From Sholokhov to Sigurdarson, Rostov 'calling card' illuminates World Cup

There is only one place in the Don region where you can leaf through literary classics and talk football in the same distinctive space.

Published : Jul 01, 2018 16:56 IST

Take a slow walk up tree-lined boulevard Pushkinskaya Ulitsa in the late afternoon sun, and you will inevitably stumble across the most distinctive building in Rostov-on-Don, where a quiet mission to offer light in the darkness has found a new, international audience during the World Cup.

The Don State Public Library is a late masterpiece of modernist brutalism, built from Armenian tuff, a type of rock formed by the ash ejected from vents during volcanic eruptions. 

The structure, designed in Soviet days, but not finished and occupied until 1994, is intended to resemble, externally at least, books on a shelf. 

Upon passing through the entrance, visitors first arrive in a relatively dark, low-ceilinged foyer, before their attention is swiftly, unavoidably drawn to a tranquil oasis in the centre of the building, where skylights three floors above bathe a tropical garden and seating area in natural illumination.


"The architect… created such a concept of a building that 'knowledge is the light', so the library building outside is very dark, from a dark stone," the Cultural Programs Centre's Polina Kasperovich told Omnisport .

"There is a reason for it… you come to the library with less knowledge than you leave.  Passing the entrance, you come here, into the winter garden, where it is light, where there is a lot of oxygen, where you are gaining knowledge, which is 'the light'."

On the day of Omnisport's visit, Kasperovich was preparing to host a meeting of the city's newly formed Icelandic cultural community organisation, inspired in part by the impact of FC Rostov's three Iceland internationals; Ragnar Sigurdsson, Sverrir Ingi Ingason and Bjorn Bergmann Sigurdarson, during what is the 75th year of formal diplomatic relations between the two countries. 

Upstairs, paintings of Iceland, made by a Rostov artist during her visit to the tiny Nordic nation adorned the walls, along with images of sport created by local students from a creative technical college. But, in June and July at least, it is not only locals who are benefitting from the impressive civic facility.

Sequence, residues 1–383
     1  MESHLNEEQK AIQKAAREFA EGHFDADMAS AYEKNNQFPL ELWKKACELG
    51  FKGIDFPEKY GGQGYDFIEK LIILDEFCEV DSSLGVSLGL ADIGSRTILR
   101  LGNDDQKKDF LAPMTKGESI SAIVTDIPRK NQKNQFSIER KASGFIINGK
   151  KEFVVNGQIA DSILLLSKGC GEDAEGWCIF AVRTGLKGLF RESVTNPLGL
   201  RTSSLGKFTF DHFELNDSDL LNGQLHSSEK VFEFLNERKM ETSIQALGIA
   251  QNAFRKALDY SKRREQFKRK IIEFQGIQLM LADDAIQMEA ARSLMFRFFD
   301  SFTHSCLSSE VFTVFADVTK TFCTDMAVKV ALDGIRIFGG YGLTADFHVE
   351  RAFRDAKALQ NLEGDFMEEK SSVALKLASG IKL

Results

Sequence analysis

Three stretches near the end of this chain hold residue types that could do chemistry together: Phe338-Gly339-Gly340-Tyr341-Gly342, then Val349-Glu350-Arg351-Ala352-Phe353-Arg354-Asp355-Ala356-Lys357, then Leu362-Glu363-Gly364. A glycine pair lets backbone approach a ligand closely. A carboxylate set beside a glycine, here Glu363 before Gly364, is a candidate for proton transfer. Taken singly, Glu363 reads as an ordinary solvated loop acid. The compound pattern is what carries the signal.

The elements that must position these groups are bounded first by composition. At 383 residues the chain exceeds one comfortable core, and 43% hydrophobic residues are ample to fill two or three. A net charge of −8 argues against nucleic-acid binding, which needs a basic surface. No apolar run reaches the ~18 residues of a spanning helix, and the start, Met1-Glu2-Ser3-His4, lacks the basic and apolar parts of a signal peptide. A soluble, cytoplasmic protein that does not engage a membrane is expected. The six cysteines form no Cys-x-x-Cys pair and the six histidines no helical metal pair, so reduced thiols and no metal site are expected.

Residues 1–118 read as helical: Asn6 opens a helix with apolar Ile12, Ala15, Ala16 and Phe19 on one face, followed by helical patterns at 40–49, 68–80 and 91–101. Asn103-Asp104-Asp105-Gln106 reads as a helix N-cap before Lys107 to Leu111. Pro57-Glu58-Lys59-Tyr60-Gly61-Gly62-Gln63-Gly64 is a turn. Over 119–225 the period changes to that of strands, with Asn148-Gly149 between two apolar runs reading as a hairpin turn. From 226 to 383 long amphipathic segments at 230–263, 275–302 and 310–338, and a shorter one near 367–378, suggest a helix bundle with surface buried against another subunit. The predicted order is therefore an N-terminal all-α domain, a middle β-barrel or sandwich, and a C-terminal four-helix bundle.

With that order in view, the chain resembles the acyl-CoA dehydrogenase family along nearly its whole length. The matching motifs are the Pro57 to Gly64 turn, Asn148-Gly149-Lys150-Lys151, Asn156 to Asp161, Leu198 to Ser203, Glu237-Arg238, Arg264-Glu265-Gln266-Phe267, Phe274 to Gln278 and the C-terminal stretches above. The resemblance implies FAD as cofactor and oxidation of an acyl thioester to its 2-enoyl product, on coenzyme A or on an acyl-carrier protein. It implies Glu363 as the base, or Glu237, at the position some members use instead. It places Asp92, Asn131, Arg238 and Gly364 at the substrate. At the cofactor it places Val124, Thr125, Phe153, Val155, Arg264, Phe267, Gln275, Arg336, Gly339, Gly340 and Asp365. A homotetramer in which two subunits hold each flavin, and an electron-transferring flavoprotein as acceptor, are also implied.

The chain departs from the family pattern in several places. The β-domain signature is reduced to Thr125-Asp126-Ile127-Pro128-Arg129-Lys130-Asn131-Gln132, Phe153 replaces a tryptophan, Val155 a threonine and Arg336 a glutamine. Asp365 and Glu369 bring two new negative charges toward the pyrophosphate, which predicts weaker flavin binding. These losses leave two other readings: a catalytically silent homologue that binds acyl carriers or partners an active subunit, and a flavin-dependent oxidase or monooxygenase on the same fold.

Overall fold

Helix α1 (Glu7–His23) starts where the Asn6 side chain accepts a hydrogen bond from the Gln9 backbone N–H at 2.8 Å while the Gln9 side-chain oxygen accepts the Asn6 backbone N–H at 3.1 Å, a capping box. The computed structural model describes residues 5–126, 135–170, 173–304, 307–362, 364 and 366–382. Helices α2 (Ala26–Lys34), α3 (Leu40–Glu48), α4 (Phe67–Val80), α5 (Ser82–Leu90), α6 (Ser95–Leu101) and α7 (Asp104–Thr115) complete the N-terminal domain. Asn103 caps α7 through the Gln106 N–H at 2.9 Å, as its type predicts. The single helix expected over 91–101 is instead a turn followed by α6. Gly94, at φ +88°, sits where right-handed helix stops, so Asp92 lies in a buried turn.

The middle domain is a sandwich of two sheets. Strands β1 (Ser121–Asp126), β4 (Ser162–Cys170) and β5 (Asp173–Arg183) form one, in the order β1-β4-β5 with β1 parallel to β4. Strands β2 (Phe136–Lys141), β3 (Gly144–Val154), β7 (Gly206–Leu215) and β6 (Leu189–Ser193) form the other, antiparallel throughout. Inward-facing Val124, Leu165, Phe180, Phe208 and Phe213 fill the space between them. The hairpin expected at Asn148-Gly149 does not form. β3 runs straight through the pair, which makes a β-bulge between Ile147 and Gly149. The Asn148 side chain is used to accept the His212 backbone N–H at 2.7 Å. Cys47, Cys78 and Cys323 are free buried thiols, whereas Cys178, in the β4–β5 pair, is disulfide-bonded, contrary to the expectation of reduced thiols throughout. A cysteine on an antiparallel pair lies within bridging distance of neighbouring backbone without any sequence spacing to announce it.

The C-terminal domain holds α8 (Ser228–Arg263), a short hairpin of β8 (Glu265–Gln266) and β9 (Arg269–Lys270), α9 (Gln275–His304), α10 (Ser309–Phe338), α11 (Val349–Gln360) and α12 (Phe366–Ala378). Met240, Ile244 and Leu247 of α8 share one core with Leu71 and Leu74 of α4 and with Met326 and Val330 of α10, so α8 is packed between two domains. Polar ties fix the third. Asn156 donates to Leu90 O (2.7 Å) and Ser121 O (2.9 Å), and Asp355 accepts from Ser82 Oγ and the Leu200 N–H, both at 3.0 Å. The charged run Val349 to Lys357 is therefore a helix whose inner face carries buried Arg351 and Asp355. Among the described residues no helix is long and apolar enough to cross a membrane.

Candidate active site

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"The library is a calling card of the city. We noticed that many tourists are interested in this building, they want to know what we do," Kasperovic said.

"Even now, during the World Cup, we are visited by tourists and fans of different teams, they are interested in what is happening here. It seems to us that the library is the pride of our city. Some tourists visit the library purposefully, they knew that they would come to Rostov-on-Don and come here."

"Also, there are those tourists who were just passing by… they decided to find a lavatory and go inside, and suddenly they saw the library. They liked it and they asked [us] to tell [them] about it. We are happy to give a tour, introduce our library to them, tell about our writers and culture."

"We sincerely like that foreigners show interest in what we do. It seems to me that this is great, because I want to believe in the bright future not only of our culture, but of the world as well."

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Rostov is proud of its connections to iconic writers. An English translation of Alexander Pushkin's poem 'To The Don' guided visitors off their flight and through the new Platov international airport, and a statue of the author, for whom Pushkinskaya is named, has the likeness of Anton Chekhov, born in nearby Taganrog, for a neighbour. 

Aleksandr Solzhenitsyn studied mathematics at Rostov State University, while Nobel prize winner Mikhail Sholokhov's works about the lives of Don Cossacks in the Civil War and early Soviet era are treasured by the region's inhabitants. 

Understandably, it was the round ball rather than the written word taking centre stage during the World Cup, even within the library.

But, don't make the mistake of thinking the beautiful game, with all its noise, colour and passion, is inherently more exciting than escaping into the rich canon of one of the world's foremost literary nations.

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"There are such football games that can bore you to sleep, and there is such literature, after reading which, you cannot fall asleep," Kasperovich said.

"Everything is individual. And yet these are different kinds of leisure. One assumes that you are alone with yourself, with your world, which is built from what you read. And, the other is a surge of emotions."

"Personally, for me, it all depends on what kind of book and what kind of football. But, these are two components, without which a person cannot be happy."

"Once, he needs to sit and read, and once go to the stadium, cheer, scream, cry and rejoice with other fans. Great! It's important for football to be beautiful."

After witnessing the impact of the World Cup in Rostov, on and off the field, few would argue with Kasperovich's nuanced, insightful assessment. You could say, it's word perfect. 

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